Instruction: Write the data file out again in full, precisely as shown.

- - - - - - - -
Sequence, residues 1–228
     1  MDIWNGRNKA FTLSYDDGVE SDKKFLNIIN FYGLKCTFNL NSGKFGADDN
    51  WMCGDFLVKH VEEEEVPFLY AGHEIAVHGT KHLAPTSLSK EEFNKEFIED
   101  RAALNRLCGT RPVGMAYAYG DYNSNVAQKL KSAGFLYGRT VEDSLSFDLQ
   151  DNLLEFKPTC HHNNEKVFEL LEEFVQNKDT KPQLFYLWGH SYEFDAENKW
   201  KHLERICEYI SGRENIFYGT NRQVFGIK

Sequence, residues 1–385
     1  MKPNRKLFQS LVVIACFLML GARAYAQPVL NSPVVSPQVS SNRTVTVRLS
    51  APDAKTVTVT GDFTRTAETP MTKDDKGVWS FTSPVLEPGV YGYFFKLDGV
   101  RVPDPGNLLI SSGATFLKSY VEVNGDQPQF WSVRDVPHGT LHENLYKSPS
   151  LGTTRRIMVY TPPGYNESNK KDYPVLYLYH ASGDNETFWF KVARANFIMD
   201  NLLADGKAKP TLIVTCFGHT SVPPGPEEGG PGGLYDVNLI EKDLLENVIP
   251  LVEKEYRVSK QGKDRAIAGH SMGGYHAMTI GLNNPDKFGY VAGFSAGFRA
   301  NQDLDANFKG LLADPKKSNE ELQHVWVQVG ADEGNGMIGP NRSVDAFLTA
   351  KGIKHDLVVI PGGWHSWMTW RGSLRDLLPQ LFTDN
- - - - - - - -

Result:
Sequence, residues 1–228
     1  MDIWNGRNKA FTLSYDDGVE SDKKFLNIIN FYGLKCTFNL NSGKFGADDN
    51  WMCGDFLVKH VEEEEVPFLY AGHEIAVHGT KHLAPTSLSK EEFNKEFIED
   101  RAALNRLCGT RPVGMAYAYG DYNSNVAQKL KSAGFLYGRT VEDSLSFDLQ
   151  DNLLEFKPTC HHNNEKVFEL LEEFVQNKDT KPQLFYLWGH SYEFDAENKW
   201  KHLERICEYI SGRENIFYGT NRQVFGIK

Sequence, residues 1–385
     1  MKPNRKLFQS LVVIACFLML GARAYAQPVL NSPVVSPQVS SNRTVTVRLS
    51  APDAKTVTVT GDFTRTAETP MTKDDKGVWS FTSPVLEPGV YGYFFKLDGV
   101  RVPDPGNLLI SSGATFLKSY VEVNGDQPQF WSVRDVPHGT LHENLYKSPS
   151  LGTTRRIMVY TPPGYNESNK KDYPVLYLYH ASGDNETFWF KVARANFIMD
   201  NLLADGKAKP TLIVTCFGHT SVPPGPEEGG PGGLYDVNLI EKDLLENVIP
   251  LVEKEYRVSK QGKDRAIAGH SMGGYHAMTI GLNNPDKFGY VAGFSAGFRA
   301  NQDLDANFKG LLADPKKSNE ELQHVWVQVG ADEGNGMIGP NRSVDAFLTA
   351  KGIKHDLVVI PGGWHSWMTW RGSLRDLLPQ LFTDN